When you have a family member in jeopardy of spending a long time in jail after they have been accused of a crime, you may be faced with the stressful task of raising money to pay bail. One of the most common ways for people who cannot afford to pay the court directly for the bail is to use the services of a licensed bail bond agent. The agent will enable you to pay a small percentage of the actual bail amount and post a bond to the court to cover the cost of the bail on your behalf. However, if you have never had to go through the process of securing a bail bond before, there are a few things you need to know about the process.
How Does a Judge Determine the Bail Amount?
Unless your relative has been charged with an especially heinous crime, a judge will set a bail amount to be paid to the court to secure the release of the accused.
Judges have the final word on the bail amount. Generally, the judge will take into account several factors when setting bail such as:
- The criminal history of the accused
- Length of residency in the local community
- Any history of drug or alcohol abuse
- The physical and mental condition of the accused
In addition to setting bail, the judge may also impose other restrictions such as a curfew, travel limits, and revocation of gun privileges in addition to requiring drug and psychological testing.
How Do You Pay for a Bail Bond?
Bail amounts can range from a few hundred dollars to hundreds of thousands of dollars depending on the crime and the opinions of the judge in charge of setting bail. Your first order of business is to contact a state-licensed bail bond agent. Gather the following information before you call or visit the agent's office.
- Full name of your relative accused of the crime
- The time and date of the arrest
- The booking number
- The location of the jail where your relative is incarcerated
- The exact details of charges
Depending on where you live, you may be able to complete the entire transaction over the phone and electronically. You will need to provide proof of a government-issued photo ID and other documents that show proof of income and residency.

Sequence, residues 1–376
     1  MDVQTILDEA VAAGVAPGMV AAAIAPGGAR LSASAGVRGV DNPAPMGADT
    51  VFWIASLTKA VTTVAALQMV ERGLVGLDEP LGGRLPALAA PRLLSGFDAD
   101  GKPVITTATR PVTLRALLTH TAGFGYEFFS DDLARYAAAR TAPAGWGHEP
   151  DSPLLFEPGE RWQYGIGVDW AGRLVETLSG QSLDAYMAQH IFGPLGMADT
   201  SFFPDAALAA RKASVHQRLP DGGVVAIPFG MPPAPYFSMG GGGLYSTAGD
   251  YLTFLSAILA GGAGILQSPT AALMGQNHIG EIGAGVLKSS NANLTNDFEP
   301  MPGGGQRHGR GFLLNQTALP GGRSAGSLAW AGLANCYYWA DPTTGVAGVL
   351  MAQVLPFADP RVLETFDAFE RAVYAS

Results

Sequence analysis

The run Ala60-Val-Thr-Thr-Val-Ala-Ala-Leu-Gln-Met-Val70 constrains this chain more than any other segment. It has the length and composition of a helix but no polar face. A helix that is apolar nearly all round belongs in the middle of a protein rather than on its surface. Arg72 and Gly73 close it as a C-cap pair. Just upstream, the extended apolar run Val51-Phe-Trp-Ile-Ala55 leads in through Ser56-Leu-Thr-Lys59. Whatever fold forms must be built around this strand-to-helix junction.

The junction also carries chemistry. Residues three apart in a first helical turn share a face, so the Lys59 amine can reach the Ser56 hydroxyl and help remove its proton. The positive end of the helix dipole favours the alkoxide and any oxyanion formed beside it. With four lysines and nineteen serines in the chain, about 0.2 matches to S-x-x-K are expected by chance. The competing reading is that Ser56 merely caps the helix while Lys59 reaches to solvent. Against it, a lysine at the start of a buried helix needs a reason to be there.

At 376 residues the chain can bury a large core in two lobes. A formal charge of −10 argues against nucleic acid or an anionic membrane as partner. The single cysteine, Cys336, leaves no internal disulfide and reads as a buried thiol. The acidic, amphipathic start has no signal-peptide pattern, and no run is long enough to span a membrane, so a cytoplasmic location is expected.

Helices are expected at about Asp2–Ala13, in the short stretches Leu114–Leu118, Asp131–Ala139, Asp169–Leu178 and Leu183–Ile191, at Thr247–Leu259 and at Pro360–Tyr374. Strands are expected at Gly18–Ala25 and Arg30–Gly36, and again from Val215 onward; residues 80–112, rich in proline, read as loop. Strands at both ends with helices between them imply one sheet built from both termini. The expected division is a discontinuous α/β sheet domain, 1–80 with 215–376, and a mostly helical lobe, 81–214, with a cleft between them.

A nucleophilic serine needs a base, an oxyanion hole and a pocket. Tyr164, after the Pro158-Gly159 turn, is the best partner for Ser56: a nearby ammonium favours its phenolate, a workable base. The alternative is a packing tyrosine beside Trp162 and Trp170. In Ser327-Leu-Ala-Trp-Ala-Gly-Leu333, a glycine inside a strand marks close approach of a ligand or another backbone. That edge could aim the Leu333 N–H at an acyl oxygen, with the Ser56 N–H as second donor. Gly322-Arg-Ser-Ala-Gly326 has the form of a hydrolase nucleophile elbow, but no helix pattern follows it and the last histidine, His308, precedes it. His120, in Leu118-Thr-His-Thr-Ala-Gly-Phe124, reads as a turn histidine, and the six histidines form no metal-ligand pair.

In some cases, you may need to meet the bail bond agent at the jail or visit their office to fill out paperwork.
Bail bond agents charge clients a percentage of the actual bail amount. State laws determine how much agents can charge. For instance, in some states, an agent can only collect up to 15 percent of the bail amount.
You can pay the agent in cash or credit card. Some agents will also accept collateral such as property deeds and stock options.
How Do Bail Agents Ensure That Defendants Will Show Up for Court?
Since bail agents secure your relative's freedom by paying the court a certain amount of money on your behalf as a state-licensed representative, they want to make sure defendants show up so they can get their money back from the court after the case is resolved.
In some states, bail agents can require clients who are considered high risk by courts to wear electronic monitoring and GPS devices.
It is in your best interest to do everything possible to make sure your relative shows up for court; otherwise, you could be on the hook to pay the full bail amount. Plus, the judge in the case will issue a warrant for your relative. In addition, the bail agent has the right to send bounty hunters to find your relative.
However, if you have a good relationship with your relative and they understand the risks of not appearing in court, chances are this extreme scenario will not take place.
For more information, contact a local bail bonds service.